Actor Sushant Singh Rajput's shocking death by suicide has initiated a long-delayed conversation on mental health in India. People are finally grasping the idea that mental illnesses need to be taken as seriously as physical ailments and when ignored, they can easily escalate into something damaging and even life-threatening.
Deepika Padukone, who has long been an advocate for mental health issues and runs an organisation named Live Love Foundation to raise awareness, recently held a discussion with mental health experts to talk about depression, suicide, and the misconceptions around it. She spoke to Dr Shyam Bhat and Dr Soumitra Pathare to better understand the mindset of someone who is suicidal as well the stigma around the world and how it has curbed the most basic and important discussion on the topic.
“While I embarked on this journey more than 5 years ago, recent tragic events have made us all realise that now more than ever, we need to prioritise mental health & intensify our focus on #SuicidePrevention,” Deepika wrote on her Instagram story before posting the video on the YouTube channel of her Live Love Laugh Foundation.
During the chat, Deepika raised questions about the atmosphere of "fear and stigma" around the topic of suicide when Dr Bhat revealed that "Suicide probably is the worst mental health crisis that the world is facing right now and statistics suggest that this tragedy happens almost 1000 times in a day in our country."
He added, "When someone prominent dies from suicide, there's obviously a lot of outpouring of grief and confusion and everyone asks this question. But I just want to remind people that everyone is a hero to their family and it is a crisis if we are losing 800-1000 people in a day. We know from data that between the age of 15 to 24, suicide is the biggest cause of death and for Indians from the ages of 15 and 39 suicide, is the leading cause of death. This means suicide is taking away our youngest people and yet in spite of the fact that it is so common, we seem to not understand enough about it."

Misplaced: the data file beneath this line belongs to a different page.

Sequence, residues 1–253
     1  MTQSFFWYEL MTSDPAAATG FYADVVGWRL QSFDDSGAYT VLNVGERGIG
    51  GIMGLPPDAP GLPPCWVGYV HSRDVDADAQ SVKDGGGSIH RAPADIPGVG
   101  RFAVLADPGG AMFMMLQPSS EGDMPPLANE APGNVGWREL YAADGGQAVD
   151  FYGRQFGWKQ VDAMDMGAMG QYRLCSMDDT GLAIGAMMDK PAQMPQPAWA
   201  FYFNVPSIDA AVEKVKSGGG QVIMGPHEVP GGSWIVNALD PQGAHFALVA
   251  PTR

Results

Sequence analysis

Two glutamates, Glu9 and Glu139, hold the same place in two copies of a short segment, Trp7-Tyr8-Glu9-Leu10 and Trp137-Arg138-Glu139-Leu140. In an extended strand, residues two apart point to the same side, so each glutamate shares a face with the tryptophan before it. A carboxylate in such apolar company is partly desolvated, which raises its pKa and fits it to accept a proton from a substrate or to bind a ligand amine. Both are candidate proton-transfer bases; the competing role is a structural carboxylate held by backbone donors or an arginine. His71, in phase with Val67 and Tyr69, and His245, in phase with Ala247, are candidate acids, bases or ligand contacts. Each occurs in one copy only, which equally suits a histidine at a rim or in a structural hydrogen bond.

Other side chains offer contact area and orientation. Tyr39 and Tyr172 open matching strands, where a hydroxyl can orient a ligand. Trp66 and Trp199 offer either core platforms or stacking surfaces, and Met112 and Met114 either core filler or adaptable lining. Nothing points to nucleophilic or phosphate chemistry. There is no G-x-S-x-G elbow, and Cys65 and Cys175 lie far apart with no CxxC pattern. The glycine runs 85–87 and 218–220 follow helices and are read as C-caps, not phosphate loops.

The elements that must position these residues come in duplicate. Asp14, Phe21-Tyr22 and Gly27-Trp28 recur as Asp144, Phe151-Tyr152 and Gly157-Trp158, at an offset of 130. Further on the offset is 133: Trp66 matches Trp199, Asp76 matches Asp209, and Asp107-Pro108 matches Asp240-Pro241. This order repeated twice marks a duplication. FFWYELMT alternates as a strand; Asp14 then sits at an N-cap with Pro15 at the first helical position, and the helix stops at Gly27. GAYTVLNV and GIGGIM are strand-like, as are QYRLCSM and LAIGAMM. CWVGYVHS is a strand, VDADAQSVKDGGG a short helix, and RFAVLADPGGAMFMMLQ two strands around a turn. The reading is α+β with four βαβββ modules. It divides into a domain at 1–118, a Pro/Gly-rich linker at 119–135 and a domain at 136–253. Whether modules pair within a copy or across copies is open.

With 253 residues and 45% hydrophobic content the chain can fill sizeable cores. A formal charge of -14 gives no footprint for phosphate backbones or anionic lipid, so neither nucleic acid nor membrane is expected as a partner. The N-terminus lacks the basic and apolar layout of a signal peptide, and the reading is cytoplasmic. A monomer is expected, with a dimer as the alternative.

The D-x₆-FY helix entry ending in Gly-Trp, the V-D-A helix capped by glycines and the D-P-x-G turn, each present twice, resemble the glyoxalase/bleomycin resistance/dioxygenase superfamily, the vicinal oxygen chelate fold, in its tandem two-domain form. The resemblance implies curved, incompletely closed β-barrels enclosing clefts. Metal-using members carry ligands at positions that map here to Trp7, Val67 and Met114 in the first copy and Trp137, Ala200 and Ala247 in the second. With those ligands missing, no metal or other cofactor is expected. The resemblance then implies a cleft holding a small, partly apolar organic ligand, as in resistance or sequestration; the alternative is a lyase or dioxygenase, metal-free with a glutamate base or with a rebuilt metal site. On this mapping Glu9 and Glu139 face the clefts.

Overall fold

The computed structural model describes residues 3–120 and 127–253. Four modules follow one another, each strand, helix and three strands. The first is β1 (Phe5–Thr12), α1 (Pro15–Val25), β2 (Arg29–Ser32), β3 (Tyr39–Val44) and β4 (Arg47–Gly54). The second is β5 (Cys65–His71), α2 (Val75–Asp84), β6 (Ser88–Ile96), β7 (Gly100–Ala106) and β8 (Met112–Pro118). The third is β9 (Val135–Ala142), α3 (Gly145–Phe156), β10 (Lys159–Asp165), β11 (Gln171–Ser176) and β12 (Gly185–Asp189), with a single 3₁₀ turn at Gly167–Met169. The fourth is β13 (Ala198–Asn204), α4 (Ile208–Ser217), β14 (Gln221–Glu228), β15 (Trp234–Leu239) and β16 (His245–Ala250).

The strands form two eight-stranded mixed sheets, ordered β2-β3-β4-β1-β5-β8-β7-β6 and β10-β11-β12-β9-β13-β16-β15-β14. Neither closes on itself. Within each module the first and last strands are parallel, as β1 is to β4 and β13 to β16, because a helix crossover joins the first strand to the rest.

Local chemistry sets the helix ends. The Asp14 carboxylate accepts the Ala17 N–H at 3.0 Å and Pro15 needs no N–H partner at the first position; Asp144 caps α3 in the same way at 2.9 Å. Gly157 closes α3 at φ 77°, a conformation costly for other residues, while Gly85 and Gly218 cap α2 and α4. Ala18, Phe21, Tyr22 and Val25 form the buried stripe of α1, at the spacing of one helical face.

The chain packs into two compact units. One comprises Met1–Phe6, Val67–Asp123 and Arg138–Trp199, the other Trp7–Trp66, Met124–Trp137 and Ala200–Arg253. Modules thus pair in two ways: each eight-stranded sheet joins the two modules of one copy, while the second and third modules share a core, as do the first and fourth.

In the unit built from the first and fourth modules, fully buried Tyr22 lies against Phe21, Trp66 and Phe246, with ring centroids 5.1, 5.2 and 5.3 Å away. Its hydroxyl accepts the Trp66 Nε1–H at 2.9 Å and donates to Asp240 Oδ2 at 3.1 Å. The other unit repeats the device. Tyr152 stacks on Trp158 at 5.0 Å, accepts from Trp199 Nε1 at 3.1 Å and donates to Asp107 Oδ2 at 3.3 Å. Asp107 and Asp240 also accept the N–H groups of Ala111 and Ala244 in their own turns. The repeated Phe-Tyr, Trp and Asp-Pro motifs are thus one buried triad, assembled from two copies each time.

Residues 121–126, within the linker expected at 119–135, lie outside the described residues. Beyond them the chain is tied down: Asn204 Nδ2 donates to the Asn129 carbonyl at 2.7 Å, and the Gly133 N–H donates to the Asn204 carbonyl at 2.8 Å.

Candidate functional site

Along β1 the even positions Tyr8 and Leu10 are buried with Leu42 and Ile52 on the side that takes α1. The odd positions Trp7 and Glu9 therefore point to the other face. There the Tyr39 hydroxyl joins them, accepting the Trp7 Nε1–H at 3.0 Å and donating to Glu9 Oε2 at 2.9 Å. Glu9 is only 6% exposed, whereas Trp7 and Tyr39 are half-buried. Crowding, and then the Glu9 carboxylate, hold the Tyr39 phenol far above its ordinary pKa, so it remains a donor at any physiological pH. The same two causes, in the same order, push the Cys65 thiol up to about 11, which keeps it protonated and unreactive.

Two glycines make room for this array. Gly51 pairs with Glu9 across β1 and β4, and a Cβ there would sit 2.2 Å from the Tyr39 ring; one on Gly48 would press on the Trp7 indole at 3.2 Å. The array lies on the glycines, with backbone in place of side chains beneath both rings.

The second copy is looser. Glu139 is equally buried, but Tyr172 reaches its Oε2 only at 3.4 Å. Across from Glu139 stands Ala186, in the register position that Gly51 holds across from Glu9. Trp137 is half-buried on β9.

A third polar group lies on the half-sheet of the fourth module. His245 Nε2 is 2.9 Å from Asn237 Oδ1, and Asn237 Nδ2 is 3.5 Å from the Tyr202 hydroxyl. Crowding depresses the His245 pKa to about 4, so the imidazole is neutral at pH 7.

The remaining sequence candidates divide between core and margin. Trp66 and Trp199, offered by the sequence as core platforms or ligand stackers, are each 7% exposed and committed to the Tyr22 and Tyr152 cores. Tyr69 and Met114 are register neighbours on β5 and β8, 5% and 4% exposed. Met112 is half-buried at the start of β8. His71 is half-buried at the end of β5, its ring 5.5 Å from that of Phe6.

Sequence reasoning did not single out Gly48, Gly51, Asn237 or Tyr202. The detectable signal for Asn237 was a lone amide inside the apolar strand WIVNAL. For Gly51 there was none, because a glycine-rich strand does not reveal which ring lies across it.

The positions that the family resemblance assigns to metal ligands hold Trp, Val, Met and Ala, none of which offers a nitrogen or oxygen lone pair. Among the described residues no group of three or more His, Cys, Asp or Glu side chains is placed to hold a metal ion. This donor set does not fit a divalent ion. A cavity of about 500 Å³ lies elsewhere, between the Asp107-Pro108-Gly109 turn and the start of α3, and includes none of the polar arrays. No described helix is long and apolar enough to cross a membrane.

The doctors thus posited a lack of understanding around the idea and mental health altogether that makes it such a difficult topic to navigate and thus generates the stigma. They also insisted that it is not a particular industry that is to be blamed, but the overall modern life toxicity and the capitalist environment that makes every industry equally stressful.
Dr. Bhat also helped with an analogy to illustrate how problematic questions like "Why did someone die of suicide?" happen to be. He explains that asking what made someone die of suicide is just like asking what made someone to die of a heart attack.
He explained that when someone goes out for a run and ends up dying of a heart attack, we never directly blame the run. We attribute it to a number of interplaying factors like his cholesterol, blood pressure, diabetes, etc. that might have been existing for some time. Similarly, it is important to understand that most of the time it is a number of triggers that drive people to suicide, and identifying these triggers can certainly help to a great extent.
During the chat, the doctors also talked about the necessity of reaching out to someone if you think that they are at risk of suicide and asking upfront if they are too anguished or if they are contemplating ending their lives. While most of us refrain from doing this assuming that this might plant the idea in the head of the person if they weren't already thinking of it, it is not true. Thus, in case you notice someone struggling, the best approach is to reach out to them and then help them seek professional help.
Lastly, it is very important to remember that it does not cost anything to be empathetic and there's no shame in reaching out to people when you feel like they are going through a rough time--your kindness might literally save a life.
Featured Image: Instagram